Who can provide workers’ compensation coverage in Nevada?

Employers may purchase insurance from a private carrier licensed in Nevada or be certified by the Division of Insurance (DOI) as a self-insured employer or a member of an association of self-insured public or private employers. Private carriers currently utilize competitive premium rates which allow them to deviate on the expense portion of the premiums. This rate must be filed with the DOI 15 days before if is effective and can be disapproved. Contact DOI for more information: Carson City (775) 687-4270; Las Vegas (702) 486-4009.

Where can employers purchase workers’ compensation coverage in Nevada?

Employers have options when it comes to purchasing workers’ compensation coverage in Nevada. They can purchase the insurance with a private Nevada licensed insurance carrier or they can become a self-insured employer and/or member of an association of self-insured public and private employers by getting certified by the Division of Insurance (DOI). Typically the most competitive rates come from private workers’ compensation insurance carriers and they are able to deviate on premium expenses. To ensure that an insurance rate is effective and can be disproved, the rate must be filed 15 days prior with the DOI. You can learn more by contacting the DOI at:

  • (702) 486-4009 – Las Vegas
  • (775) 687-4270 – Carson City

If my employer does not have workers’ compensation, what will happen?

If your employer does not have workers’ compensation insurance, then he or she will face legal consequences according to the Division of Industrial Relations, Workers’ Compensation Section (DIR/WCS), which ensures that employers comply with workers’ compensation laws in Nevada. Consequences can include the following:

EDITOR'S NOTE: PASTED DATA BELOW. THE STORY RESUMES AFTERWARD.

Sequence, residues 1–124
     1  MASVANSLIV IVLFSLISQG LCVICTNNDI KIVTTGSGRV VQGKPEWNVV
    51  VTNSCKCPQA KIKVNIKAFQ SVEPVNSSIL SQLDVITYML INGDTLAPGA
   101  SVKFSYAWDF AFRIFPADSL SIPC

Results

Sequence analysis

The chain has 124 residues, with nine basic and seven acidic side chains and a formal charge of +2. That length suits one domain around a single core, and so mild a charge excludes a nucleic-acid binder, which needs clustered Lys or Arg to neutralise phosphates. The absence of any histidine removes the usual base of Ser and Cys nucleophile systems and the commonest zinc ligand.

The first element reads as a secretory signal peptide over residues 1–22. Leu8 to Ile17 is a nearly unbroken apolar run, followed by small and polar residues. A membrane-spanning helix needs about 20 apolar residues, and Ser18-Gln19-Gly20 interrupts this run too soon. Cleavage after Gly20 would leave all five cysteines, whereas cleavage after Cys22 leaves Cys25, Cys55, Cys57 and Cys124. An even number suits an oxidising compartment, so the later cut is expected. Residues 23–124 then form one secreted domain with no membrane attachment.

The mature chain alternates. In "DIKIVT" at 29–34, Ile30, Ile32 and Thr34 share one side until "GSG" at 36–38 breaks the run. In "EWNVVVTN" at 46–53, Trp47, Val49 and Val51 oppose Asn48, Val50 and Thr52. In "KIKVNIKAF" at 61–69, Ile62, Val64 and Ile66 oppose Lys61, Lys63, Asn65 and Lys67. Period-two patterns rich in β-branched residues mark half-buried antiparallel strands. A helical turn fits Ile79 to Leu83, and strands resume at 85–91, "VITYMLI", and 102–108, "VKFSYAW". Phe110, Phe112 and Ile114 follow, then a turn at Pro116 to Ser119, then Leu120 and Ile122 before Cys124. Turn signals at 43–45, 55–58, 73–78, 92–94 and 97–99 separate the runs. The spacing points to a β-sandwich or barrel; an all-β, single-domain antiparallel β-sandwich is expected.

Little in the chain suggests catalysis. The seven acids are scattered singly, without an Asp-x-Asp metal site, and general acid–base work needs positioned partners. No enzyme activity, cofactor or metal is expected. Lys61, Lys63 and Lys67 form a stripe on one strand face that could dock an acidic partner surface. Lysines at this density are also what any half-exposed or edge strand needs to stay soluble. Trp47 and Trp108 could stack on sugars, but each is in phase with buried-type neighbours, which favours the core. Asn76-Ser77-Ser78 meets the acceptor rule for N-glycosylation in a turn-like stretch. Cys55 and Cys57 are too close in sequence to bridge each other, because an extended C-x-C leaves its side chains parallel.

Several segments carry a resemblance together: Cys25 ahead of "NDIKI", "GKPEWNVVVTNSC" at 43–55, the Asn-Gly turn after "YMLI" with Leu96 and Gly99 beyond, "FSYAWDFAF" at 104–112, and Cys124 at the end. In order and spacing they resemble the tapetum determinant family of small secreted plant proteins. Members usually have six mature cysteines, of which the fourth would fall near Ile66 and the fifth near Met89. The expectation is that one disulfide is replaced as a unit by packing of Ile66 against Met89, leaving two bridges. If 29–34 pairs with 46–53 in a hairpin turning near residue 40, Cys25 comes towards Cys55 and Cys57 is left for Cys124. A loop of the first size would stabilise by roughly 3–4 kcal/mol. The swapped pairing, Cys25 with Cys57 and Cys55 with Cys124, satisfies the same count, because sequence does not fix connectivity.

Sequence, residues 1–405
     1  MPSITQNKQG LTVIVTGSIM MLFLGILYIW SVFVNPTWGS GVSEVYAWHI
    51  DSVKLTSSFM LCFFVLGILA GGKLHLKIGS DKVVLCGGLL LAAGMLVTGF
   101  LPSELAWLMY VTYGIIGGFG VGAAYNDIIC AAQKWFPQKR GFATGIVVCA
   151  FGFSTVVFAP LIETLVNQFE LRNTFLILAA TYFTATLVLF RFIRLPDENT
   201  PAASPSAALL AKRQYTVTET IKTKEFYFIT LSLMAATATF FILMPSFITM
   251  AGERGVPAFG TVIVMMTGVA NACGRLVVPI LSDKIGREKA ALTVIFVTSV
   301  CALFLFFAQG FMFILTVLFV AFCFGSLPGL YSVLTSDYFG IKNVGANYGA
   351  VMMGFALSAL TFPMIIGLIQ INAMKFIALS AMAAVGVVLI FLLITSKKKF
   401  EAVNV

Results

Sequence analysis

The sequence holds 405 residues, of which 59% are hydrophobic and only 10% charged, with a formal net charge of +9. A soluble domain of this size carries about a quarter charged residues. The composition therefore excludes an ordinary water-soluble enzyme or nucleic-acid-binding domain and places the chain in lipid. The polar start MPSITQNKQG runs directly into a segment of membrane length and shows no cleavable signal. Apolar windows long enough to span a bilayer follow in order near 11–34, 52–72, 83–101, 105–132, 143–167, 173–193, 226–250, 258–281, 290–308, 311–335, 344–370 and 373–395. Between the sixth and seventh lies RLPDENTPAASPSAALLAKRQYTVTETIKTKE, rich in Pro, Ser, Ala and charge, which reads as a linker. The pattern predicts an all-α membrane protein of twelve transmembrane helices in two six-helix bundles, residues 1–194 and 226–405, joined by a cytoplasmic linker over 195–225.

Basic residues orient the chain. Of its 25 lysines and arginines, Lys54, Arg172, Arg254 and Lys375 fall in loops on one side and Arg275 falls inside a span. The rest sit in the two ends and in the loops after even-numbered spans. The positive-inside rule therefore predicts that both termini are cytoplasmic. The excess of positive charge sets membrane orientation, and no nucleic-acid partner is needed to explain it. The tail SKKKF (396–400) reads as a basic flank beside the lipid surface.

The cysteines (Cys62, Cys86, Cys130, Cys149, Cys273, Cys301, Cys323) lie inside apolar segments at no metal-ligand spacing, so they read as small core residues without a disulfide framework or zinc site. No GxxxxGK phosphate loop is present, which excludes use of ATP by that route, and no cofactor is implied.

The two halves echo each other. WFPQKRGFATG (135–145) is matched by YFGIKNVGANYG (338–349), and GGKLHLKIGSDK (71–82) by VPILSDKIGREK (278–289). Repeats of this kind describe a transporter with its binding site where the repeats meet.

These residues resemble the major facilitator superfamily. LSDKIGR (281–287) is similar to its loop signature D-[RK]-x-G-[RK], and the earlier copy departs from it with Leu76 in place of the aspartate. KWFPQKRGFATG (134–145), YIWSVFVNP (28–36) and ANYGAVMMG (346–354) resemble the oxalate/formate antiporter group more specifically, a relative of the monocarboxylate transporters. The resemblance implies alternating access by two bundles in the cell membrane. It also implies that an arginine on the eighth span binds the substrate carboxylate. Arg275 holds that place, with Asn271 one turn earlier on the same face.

• Fine up to $15,000
  • Premium penalties
  • Order to close business until workers’ compensation requirements are met
  • Financial responsibility for all work-related injuries
  • Criminal penalties for substantial work related injuries or death

For more information, see NRS 616D.200 and NAC 616D.345.

How are Nevada employers protected by workers’ compensation?

Nevada’s workers’ compensation statutes set forth the benefits of injured workers and Nevada has exclusive remedy. This means that employers are protected from additional claimed damages as long as they provide workers’ compensation coverage at the time of injury.

Should employers have Subsequent Injury Accounts?

Employers can choose to have Subsequent Injury Accounts which will cover the costs of any qualified subsequent injury (NRS 616B.545 through NRS 616B.590). This also encourages employers to hire workers who have physical disabilities and impairments. Learn more by contacting a Nevada workers’ compensation attorney and asking about the benefit of Subsequent Injury Accounts.

Are all employers required to provide worker’s compensation coverage?

Any employer who has one or more employee in Nevada is required to provide workers’ compensation coverage, unless a specific statute excludes the employer from this requirement. For example, NRS 616A.110 will exclude some employees from workers’ compensation coverage for meeting certain criteria in the course of their employment. Following are circumstances where this applies:

  • If the employment is related to interstate commerce entities that are not subject to Nevada’s legislative power, then the employer may not have to provide coverage.